AUWCL’s Sustainable Development Law and Policy Brief Hosts Symposium on Air Quality and Environmental Justice
Feb. 7, 2020
On Friday, Feb. 7, environmental scholars gathered for a symposium on Air Quality and Environmental Justice at American University Washington College of Law. Hosted by the Sustainable Development Law and Policy Brief, attendees were encouraged to think through an age-old question: what should we do about climate change?
Regarding traditional approaches to climate change like carbon tax, Keya Chatterjee, executive director of the U.S. Climate Action Network noted, “We’re kidding ourselves in having conversations that I remember having 30 years ago.”
Keynote speaker Charles Lee’s presentation illustrated that environmental justice is the meeting point of two social movements—civil rights and environmentalism. Lee’s work as principal author of Toxic Wastes and Race (1987) marked a pivot in environment scholarship. Race was found to be the most statistically significant factor in determining where hazardous waste sites were located. In light of the water crisis in Flint, Michigan, the picture of environmental justice becomes clearer and clearer.
“Not everybody is breathing the same air,” said Vernice Miller-Travis, executive vice president for Environment and Sustainability at Metropolitan Group, who researched the data backbone for Lee’s study. “And some people are paying with their lives.”
Adrienne Hollis, senior climate justice and health scientist at the Union of Concerned Scientists, showed that environmental issues are tied to public health, where certain communities had higher rates of respiratory diseases.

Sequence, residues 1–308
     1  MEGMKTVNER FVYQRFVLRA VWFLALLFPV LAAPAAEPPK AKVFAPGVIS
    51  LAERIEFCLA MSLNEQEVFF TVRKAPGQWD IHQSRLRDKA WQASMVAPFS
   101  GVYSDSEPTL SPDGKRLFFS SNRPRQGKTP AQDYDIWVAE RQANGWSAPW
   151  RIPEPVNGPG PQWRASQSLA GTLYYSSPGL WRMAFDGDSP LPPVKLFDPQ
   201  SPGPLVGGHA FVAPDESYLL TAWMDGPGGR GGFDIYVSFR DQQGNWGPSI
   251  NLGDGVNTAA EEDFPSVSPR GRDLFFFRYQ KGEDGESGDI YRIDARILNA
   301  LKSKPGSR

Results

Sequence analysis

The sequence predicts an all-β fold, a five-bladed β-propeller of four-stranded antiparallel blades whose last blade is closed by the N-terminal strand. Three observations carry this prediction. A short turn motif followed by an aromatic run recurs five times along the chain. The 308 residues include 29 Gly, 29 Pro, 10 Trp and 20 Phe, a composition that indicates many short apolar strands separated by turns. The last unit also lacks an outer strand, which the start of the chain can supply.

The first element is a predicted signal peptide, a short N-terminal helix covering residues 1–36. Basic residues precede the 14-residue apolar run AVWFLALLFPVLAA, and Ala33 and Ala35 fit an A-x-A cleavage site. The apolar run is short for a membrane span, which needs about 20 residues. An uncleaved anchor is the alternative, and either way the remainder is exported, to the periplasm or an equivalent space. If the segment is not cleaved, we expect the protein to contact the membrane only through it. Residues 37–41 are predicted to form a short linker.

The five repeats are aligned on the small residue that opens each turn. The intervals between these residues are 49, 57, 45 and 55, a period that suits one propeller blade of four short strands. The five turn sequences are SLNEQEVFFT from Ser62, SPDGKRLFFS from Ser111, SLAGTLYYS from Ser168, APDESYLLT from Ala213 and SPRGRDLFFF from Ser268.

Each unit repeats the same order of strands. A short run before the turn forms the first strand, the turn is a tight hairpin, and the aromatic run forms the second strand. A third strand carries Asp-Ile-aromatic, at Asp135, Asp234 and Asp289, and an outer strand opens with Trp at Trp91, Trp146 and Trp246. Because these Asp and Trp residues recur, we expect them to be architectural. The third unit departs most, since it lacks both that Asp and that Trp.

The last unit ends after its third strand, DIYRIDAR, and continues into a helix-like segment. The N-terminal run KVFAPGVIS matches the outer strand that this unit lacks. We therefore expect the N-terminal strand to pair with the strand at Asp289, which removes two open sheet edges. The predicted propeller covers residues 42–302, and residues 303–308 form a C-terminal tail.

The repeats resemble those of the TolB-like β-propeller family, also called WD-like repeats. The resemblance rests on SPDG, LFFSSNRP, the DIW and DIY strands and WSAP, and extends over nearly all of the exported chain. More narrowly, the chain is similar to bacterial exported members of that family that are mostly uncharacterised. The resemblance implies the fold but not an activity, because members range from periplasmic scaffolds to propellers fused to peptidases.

Lisa Anne Hamilton, the adaption program director at Georgetown Climate Center, discussed the role of environmental gentrification of diverse and low-income communities. As wealthier folks realize the vulnerability of their properties, they shift inland. However, this can lead to displacement of people who are already there, who cannot always afford to “just move,” said Hamilton.
“Climate solutions can’t make things worse for people who are already breathing in unclean air and drinking unclean water,” said John Walke, director of the Clean Air, Climate and Clean Energy program at the Natural Resources Defense Council (NRDC).
Panelists encouraged the audience to dive into political participation and immediate demand movement through the power of voting and coalition building.
“People are suffering and we’re out of time,” said Chatterjee. “It’s not our role as leaders to ‘wait and see.’”
Learn more about AUWCL's Program on Environmental and Energy Law here.